In recent years, gamers have been venting their frustrations about video games. These frustrations don’t come from being unable to complete difficult levels. Instead, many video game fans are voicing their concern regarding what is known as loot boxes. Considering that, Belgian officials are now officially striking back at the inclusion of loot boxes in video games.
What Are Loot Boxes?
If you haven’t played recent video game titles, you might be unaware of the growing discontent for loot boxes. Loot boxes, sometimes known as prize crates, are in-game items players can redeem. While this might seem beneficial for players, the main problem with loot boxes is that the prizes are randomized. This means that someone could spend $5 for a loot box, not knowing whether they’ll receive a truly valuable item or something worth far less.
A Form of Gambling?
In the beginning, few people took notice of the problems associated with loot boxes. However, many began to voice their discontent about these boxes as they became more common in video games. As time went on, loot boxes also became more prevalent in games meant for mobile devices. Many mobile game players are children, this is where the resentment for loot boxes began to grow. Many people feel that loot boxes are legalized forms of gambling.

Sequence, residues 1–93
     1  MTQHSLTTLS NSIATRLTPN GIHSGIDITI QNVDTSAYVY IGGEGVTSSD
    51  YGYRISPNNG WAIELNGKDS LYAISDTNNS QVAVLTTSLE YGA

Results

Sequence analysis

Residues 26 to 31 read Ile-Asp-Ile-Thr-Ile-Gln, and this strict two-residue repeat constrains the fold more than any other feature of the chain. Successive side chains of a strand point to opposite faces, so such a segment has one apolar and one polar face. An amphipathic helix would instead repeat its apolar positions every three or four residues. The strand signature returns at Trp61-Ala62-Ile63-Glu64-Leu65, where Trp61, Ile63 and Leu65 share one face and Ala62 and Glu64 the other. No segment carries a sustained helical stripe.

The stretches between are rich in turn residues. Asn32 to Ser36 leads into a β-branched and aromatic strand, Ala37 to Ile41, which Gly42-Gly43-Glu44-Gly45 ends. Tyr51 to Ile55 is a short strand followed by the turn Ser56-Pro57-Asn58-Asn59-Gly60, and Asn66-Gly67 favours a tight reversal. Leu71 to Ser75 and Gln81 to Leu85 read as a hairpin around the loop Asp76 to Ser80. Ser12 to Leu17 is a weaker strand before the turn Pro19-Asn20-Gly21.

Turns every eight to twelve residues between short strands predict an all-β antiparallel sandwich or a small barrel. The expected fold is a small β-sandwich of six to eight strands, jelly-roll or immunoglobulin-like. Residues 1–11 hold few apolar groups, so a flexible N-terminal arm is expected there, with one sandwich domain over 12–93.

Belgium Bans Three Mobile Games
The Verge reports that Belgium officially banned three mobile video games from their country’s players: Mobius Final Fantasy, Dissidia Final Fantasy Opera Omnia, and Kingdom Hearts Union X. Video game fans will recognize that these are popular titles, each with their own large following. Regardless of the popularity of these titles, Belgium’s justice minister was quoted as saying that these games are “dangerous for mental health.”
To summarize, Belgium recently enacted a country-wide ban of three popular mobile games. These games are free-to-play which means they can be downloaded for free. That being said, most of these types of games make a profit through the implementation of loot boxes. Companies releasing games that utilize loot boxes in Belgium could face prison sentences of up to five years.